Here we present an eleven-year-old male patient who had been diagnosed with CVID three years ago due to recurrent sinopulmonary infections and two years later with CD due to diarrhea episodes which were unresponsive to treatment. He was admitted to our hospital with the complaint of blood in the stool. Laboratory analysis was performed and he was seronegative. He underwent surgery and total colectomy was performed due to active gastrointestinal bleeding and perforation. In macroscopic examination (Figure 1), a perforation area was seen in colectomy material. Mucosa was hemorrhagic and hyperemic, it was flattened in some areas, and multiple foci of ulcer were seen. Microscopic examination revealed intranuclear and cytoplasmic inclusions in fibroblasts, endothelial cells, and mononuclear cells in the base of mucosal ulcer area (Figures 2(a) and 2(b)). In adjacent mucosa, widespread apoptosis within crypts, neutrophilic (PMNL) and eosinophilic infiltration, cryptitis, and a small number of crypt abscesses were seen (Figure 2(c)). Immunohistochemical analysis revealed the CMV positivity in inclusion containing cells (Figures 2(d) and 2(e)). Despite immunoglobulin and antiviral therapies, general condition deteriorated and he died in the postoperative seventh day. CMV inclusion containing cells were detected in postmortem biopsies taken from liver, lungs, and lymph nodes (Figures 3 and 4).

Figure 1: Macroscopic appearance of colectomy material. Mucosa is hemorrhagic and hyperemic; multiple foci of ulcer and perforation areas are seen.
Figure 2: This image shows mucosal ulcer area (a) with the cells containing viral inclusions (b), apoptosis within crypts and PMNL infiltration (c), and immunohistochemical positivity of CMV (d and e) (magnifications (a) ×50; (b, c, and e) ×400; (d) ×200).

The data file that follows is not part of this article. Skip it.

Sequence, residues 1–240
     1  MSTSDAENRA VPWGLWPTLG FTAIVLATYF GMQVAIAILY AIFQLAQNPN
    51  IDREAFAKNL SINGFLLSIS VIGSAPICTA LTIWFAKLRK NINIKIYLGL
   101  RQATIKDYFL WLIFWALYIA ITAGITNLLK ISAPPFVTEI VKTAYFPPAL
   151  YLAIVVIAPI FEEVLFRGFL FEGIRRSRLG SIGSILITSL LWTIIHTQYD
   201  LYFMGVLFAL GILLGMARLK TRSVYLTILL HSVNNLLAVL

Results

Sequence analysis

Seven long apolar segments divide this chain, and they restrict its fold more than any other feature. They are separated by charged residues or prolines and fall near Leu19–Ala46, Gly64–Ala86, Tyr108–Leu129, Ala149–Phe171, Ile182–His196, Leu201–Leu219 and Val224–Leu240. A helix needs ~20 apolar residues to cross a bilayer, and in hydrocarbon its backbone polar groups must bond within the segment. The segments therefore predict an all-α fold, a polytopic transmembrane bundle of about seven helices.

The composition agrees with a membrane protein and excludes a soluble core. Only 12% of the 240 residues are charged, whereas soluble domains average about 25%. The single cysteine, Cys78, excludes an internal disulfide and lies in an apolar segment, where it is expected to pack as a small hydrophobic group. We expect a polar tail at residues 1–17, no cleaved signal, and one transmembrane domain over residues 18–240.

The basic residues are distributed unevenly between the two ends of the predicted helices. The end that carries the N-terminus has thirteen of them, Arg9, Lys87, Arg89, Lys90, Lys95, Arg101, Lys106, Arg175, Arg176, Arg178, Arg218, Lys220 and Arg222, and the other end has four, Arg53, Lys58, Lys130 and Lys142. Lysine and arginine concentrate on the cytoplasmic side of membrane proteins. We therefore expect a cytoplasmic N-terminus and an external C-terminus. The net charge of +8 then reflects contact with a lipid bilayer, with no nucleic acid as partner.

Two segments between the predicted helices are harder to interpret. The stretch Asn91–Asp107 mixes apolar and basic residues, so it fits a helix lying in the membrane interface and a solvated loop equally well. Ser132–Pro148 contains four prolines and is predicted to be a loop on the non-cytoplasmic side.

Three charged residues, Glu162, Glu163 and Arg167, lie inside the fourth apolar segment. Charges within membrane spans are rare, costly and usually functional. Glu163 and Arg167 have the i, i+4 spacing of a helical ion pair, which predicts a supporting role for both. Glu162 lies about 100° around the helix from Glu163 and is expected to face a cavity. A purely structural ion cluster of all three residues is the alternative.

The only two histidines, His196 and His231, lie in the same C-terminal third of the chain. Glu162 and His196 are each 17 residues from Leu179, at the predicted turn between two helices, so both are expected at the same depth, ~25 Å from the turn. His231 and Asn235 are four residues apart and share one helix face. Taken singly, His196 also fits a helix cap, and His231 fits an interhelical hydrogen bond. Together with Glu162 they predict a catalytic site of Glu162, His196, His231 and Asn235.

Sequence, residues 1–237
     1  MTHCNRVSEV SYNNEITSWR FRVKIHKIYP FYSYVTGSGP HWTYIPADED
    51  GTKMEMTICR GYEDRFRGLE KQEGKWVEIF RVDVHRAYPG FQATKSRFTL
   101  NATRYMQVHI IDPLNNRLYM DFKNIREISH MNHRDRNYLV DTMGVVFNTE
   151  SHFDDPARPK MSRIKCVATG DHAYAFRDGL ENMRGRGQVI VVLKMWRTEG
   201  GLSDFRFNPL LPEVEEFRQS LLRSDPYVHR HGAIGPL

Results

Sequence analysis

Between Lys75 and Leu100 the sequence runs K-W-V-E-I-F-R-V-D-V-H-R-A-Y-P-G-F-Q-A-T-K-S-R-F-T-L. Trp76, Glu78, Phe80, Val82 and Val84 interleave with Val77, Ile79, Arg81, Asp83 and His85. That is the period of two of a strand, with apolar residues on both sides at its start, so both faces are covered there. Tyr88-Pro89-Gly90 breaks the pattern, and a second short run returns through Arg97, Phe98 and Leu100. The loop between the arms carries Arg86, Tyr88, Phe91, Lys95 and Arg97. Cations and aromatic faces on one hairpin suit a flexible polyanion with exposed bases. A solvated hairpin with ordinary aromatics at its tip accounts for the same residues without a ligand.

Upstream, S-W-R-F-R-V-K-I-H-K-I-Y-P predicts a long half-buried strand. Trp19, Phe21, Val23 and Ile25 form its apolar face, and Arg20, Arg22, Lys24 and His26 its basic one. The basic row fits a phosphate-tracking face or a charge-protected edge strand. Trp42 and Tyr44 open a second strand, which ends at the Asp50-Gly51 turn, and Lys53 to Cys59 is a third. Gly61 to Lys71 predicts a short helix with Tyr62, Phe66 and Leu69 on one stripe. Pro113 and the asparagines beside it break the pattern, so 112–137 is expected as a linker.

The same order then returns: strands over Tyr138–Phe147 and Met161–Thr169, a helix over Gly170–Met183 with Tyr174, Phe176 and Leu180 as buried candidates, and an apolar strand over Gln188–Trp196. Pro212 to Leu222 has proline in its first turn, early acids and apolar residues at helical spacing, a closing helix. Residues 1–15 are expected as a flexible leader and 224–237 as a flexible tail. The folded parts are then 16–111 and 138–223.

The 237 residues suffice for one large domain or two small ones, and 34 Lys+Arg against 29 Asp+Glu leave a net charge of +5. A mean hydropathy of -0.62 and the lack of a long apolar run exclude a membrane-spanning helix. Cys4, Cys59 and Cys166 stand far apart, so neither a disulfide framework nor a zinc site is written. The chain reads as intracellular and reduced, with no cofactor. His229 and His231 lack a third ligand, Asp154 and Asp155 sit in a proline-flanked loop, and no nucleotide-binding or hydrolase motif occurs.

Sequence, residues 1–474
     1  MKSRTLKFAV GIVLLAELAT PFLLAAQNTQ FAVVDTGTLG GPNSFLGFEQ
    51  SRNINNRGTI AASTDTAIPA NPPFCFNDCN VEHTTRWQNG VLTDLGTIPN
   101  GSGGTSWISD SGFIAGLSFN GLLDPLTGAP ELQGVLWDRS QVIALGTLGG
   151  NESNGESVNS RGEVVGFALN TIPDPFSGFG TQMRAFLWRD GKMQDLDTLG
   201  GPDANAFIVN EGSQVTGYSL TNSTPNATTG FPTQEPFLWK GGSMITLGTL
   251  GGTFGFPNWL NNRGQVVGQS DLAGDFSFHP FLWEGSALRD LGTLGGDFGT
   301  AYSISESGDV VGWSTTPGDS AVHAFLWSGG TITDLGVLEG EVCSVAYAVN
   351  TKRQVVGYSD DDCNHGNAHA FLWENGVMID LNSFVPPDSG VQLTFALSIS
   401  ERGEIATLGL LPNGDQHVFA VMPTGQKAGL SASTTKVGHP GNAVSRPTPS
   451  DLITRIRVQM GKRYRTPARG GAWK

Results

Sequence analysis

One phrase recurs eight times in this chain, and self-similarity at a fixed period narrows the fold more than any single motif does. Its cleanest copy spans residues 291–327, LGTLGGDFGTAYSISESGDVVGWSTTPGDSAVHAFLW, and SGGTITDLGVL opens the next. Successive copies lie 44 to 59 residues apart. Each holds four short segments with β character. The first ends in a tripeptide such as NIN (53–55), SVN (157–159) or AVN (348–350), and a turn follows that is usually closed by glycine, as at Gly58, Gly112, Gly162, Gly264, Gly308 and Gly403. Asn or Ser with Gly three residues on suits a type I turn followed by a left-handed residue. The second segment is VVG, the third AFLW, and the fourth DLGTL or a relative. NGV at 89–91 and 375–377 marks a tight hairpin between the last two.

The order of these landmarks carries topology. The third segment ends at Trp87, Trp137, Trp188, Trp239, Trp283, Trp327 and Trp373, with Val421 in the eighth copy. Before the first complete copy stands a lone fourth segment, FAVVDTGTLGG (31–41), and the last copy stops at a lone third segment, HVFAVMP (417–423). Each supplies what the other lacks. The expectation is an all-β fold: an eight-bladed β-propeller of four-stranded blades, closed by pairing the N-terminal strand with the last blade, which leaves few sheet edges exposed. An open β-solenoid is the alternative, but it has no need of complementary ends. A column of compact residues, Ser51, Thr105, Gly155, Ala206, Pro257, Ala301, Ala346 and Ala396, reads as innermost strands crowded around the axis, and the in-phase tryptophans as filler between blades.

Figure 3: Viral inclusion containing cells seen in lymph node (magnification ×400).
Figure 4: Postmortem biopsies of lung (a) and liver (b) include viral inclusion containing cells. Immunohistochemical CMV positivity in alveolar cells (c) and hepatocytes (d) (magnification (a, b, c, and d) ×400).

3. Discussion

While CMV frequently involves the colon in patients without immunologic disorders, CMV colitis is extremely rare in patients with CVID [3, 4, 6]. CMV colitis carries high mortality risk in CVID and it is more common in organ failure and autoimmune diseases [3, 4]. This condition arises as a result of impaired B cell immunity to be accompanied by impaired T cell response [3, 5]. Apart from that, immunosuppressive therapy of autoimmune diseases such as CD may cause CMV colitis, as seen in our case [3].

Consequently, to prevent mortality and morbidity CMV colitis should be considered in the differential diagnosis of CVID with gastrointestinal complaints. And also this report suggests that immunosuppressive treatment of CD may cause CMV colitis; in addition CMV has the potential to make common diseases. Seronegativity should not mislead the diagnosis; immunohistochemical examination of CMV may be helpful for final diagnosis.

Conflict of Interests

All the authors declare that they have no conflict of interests.

Authors’ Contribution

Design of the study was completed by Betül Ünal and Cumhur İbrahim Başsorgun; acquisition of data was completed by Sinem Çil Gönülcü, Aslı Uçar, and Fatih Çelik; and interpretation of data was completed by Betül Ünal and Gülsüm Özlem Elpek.